By BOB HERBERT

There is plenty of economic activity in the U.S., and plenty of wealth. But like greedy children, the folks at the top are seizing virtually all the marbles. Income and wealth inequality in the U.S. have reached stages that would make the third world blush. As the Economic Policy Institute has reported, the richest 10 percent of Americans received an unconscionable 100 percent of the average income growth in the years 2000 to 2007, the most recent extended period of economic expansion.

Americans behave as if this is somehow normal or acceptable. It shouldn’t be, and didn’t used to be. Through much of the post-World War II era, income distribution was far more equitable, with the top 10 percent of families accounting for just a third of average income growth, and the bottom 90 percent receiving two-thirds. That seems like ancient history now.

The current maldistribution of wealth is also scandalous. In 2009, the richest 5 percent claimed 63.5 percent of the nation’s wealth. The overwhelming majority, the bottom 80 percent, collectively held just 12.8 percent.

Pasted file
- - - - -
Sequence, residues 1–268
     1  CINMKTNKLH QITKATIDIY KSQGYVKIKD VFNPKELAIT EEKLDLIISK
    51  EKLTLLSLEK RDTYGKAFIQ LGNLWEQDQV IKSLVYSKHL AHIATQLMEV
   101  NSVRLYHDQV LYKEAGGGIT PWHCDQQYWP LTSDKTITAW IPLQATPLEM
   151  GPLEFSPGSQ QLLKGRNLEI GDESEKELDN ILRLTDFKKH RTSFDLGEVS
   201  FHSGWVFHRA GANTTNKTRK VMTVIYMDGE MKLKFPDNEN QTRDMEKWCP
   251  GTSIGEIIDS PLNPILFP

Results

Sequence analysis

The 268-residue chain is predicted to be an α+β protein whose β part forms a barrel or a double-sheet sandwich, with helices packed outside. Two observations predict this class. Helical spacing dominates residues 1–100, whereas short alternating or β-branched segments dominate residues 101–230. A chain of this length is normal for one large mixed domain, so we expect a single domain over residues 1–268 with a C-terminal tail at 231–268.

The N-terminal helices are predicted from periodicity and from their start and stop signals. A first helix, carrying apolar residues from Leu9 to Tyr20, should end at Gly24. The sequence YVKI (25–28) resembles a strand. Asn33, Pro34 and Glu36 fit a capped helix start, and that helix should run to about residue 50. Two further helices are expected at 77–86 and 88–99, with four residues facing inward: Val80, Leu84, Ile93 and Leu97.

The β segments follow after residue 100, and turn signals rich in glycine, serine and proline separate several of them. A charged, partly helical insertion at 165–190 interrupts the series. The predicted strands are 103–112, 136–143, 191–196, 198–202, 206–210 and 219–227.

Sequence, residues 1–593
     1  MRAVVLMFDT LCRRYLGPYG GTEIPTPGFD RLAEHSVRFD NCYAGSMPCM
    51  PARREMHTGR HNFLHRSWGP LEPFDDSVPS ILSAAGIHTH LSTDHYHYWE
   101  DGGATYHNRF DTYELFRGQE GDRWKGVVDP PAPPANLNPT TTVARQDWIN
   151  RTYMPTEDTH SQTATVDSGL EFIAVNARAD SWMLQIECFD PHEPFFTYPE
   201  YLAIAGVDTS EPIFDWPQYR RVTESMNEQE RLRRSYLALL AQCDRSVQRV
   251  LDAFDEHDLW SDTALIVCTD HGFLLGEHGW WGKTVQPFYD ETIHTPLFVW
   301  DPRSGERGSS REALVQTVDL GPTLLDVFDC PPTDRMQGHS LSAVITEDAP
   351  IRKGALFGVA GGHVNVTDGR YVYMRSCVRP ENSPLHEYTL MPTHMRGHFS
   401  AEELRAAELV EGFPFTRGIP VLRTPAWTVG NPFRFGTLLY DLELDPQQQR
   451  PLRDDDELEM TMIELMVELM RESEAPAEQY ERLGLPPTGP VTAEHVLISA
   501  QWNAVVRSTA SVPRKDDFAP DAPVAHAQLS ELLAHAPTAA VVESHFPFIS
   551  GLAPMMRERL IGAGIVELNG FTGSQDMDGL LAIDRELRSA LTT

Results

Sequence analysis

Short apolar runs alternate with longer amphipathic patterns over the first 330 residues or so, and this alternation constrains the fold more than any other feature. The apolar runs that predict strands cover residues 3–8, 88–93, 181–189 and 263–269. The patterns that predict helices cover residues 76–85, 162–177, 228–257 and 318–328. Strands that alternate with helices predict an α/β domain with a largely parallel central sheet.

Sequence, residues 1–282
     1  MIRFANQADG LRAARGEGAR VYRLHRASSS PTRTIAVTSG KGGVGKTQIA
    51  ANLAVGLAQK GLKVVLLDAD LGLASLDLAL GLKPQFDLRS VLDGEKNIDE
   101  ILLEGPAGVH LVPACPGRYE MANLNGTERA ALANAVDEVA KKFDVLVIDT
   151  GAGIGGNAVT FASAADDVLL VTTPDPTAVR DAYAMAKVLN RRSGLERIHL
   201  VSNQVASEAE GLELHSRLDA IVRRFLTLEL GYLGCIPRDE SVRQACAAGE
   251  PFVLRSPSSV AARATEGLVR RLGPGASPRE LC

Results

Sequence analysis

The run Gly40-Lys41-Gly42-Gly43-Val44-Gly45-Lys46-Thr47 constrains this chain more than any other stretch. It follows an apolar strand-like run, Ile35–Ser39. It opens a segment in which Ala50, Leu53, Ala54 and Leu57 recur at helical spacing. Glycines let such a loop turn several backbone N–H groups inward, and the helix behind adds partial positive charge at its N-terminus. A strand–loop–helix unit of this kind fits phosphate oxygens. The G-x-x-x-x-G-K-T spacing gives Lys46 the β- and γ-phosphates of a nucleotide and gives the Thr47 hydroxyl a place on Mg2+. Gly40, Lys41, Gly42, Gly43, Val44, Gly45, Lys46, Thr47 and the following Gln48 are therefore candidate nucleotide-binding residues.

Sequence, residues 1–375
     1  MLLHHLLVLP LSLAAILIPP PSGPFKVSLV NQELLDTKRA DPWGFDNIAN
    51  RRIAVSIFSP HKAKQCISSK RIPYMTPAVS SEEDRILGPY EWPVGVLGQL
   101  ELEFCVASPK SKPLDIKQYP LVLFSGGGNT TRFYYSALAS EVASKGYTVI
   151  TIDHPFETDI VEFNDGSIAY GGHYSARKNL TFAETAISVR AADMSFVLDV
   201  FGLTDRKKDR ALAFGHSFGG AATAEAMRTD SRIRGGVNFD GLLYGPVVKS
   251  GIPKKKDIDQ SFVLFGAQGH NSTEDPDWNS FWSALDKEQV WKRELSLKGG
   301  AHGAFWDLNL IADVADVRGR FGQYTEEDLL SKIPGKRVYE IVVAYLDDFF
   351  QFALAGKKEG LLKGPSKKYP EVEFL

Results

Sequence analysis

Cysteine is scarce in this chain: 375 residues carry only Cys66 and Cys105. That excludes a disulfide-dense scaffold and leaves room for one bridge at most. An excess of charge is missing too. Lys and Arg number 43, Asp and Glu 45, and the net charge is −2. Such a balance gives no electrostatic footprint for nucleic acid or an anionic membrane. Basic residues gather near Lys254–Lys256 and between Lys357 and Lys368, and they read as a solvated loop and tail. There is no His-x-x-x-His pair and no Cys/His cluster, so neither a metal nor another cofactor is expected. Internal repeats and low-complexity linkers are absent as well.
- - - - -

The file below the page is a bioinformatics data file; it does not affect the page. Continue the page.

This inequality, in which an enormous segment of the population struggles while the fortunate few ride the gravy train, is a world-class recipe for social unrest. Downward mobility is an ever-shortening fuse leading to profound consequences.

A stark example of the fundamental unfairness that is now so widespread was in The New York Times on Friday under the headline: “G.E.’s Strategies Let It Avoid Taxes Altogether.” Despite profits of $14.2 billion — $5.1 billion from its operations in the United States — General Electric did not have to pay any U.S. taxes last year.

As The Times’s David Kocieniewski reported, “Its extraordinary success is based on an aggressive strategy that mixes fierce lobbying for tax breaks and innovative accounting that enables it to concentrate its profits offshore.”